microbes—microscopic living organisms, including bacteria, viruses, fungi, and protozoa. microorganisms—microscopic organisms, including bacteria, virus, fungi, plants, and parasites. molecule—the smallest amount of a specific chemical substance. Large molecules such as proteins, fats, carbohydrates, and nucleic acids are the building blocks of a cell, and a gene determines how each molecule is produced. monoclonal antibodies—antibodies produced by a single cell or its identical progeny, specific for a given antigen. As tools for binding to specific protein molecules, they are invaluable in research, medicine, and industry. monocytes—large phagocytic white blood cells which, when entering tissue, develop into macrophages. monokines—powerful chemical substances secreted by monocytes and macrophages. These molecules help direct and regulate the immune responses.


natural killer (NK) cells—large granulecontaining lymphocytes that recognize and kill cells lacking self antigens. Their target recognition molecules are different from T cells. neutrophil—white blood cell that is an abundant and important phagocyte. organisms—individual living things. parasites—plants or animals that live, grow, and feed on or within another living organism. passive immunity—immunity resulting from the transfer of antibodies or antiserum produced by another individual. pathogen—a disease-causing organism. phagocytes—large white blood cells that contribute to the immune defenses by ingesting microbes or other cells and foreign particles. phagocytosis—process by which one cell engulfs another cell or large particle. plasma cells—large antibody-producing cells that develop from B cells. platelet—cellular fragment critical for blood clotting and sealing off wounds.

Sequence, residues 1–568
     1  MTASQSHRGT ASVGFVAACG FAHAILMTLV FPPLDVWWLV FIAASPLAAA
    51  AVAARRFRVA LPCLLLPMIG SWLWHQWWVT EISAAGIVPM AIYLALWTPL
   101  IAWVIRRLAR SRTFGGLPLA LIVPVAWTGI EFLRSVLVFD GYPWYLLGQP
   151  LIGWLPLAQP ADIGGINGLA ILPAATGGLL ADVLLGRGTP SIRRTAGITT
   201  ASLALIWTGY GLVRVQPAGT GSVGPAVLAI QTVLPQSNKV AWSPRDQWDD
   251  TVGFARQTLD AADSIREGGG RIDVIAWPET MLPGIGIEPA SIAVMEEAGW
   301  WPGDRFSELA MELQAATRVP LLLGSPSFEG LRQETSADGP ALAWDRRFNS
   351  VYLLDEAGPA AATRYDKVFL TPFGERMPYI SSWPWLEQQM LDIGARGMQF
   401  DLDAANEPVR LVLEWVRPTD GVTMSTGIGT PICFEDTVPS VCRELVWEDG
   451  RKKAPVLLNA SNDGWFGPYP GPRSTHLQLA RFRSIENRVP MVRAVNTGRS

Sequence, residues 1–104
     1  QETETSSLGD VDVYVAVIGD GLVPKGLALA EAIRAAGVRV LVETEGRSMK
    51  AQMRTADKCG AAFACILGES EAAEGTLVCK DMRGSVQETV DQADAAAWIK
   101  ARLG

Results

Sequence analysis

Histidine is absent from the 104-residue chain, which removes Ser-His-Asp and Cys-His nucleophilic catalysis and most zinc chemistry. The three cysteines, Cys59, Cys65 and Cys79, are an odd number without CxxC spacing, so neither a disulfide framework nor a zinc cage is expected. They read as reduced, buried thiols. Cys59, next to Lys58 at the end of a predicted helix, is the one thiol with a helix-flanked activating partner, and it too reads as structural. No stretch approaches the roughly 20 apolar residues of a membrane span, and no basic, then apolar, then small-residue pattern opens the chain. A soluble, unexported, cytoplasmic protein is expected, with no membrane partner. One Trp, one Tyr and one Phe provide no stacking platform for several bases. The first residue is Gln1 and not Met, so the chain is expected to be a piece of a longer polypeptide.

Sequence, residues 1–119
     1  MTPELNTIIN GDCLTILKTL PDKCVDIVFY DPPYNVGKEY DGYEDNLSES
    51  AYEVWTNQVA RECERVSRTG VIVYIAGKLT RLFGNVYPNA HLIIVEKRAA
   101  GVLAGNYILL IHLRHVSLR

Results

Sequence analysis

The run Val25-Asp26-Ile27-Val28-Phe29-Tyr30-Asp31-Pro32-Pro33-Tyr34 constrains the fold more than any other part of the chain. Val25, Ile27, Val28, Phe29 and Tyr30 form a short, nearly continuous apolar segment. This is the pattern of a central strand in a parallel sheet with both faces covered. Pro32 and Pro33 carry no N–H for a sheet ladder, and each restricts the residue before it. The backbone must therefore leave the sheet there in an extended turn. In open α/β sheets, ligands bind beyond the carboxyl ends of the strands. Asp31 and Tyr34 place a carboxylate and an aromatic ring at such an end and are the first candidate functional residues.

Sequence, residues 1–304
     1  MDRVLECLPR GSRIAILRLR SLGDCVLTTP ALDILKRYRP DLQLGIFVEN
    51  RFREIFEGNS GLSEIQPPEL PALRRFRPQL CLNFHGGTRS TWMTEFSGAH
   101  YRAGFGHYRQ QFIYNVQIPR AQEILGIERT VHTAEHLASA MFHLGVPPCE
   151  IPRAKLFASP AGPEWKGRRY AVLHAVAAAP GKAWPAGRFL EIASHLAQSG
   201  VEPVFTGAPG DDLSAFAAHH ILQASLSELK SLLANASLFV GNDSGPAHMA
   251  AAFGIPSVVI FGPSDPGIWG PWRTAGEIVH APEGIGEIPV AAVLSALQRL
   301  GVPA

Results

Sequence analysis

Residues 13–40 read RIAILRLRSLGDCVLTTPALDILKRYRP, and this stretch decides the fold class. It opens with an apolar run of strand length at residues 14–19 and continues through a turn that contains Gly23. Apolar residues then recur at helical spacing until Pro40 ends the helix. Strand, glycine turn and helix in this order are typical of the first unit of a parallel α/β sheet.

serum—the clear liquid that separates from the blood when it is allowed to clot. This fluid contains the antibodies that were present in the whole blood. spleen—a lymphoid organ in the abdominal cavity that is an important center for immune system activities. stem cells—immature cells from which all cells derive. The bone marrow is rich in stem cells, which become specialized blood cells. T cells—small white blood cells (also known as T lymphocytes) that recognize antigen fragments bound to cell surfaces by specialized antibody-like receptors. “T” stands for thymus, where T cells acquire their receptors. T lymphocytes—see T cells. thymus—a primary lymphoid organ, high in the chest, where T lymphocytes proliferate and mature. tissue typing—see histocompatibility testing. tissues—groups of similar cells joined to perform the same function. tolerance—a state of immune nonresponsiveness to a particular antigen or group of antigens.


tonsils and adenoids—prominent oval masses of lymphoid tissues on either side of the throat. toxins—agents produced in plants and bacteria, normally very damaging to cells. vaccines—preparations that stimulate an immune response that can prevent an infection or create resistance to an infection. They do not cause disease. viruses—microorganisms composed of a piece of genetic material—RNA or DNA— surrounded by a protein coat. Viruses can reproduce only in living cells.


NIH Publication No. 03–5423 September 2003 www.niaid.nih.gov www.nci.nih.gov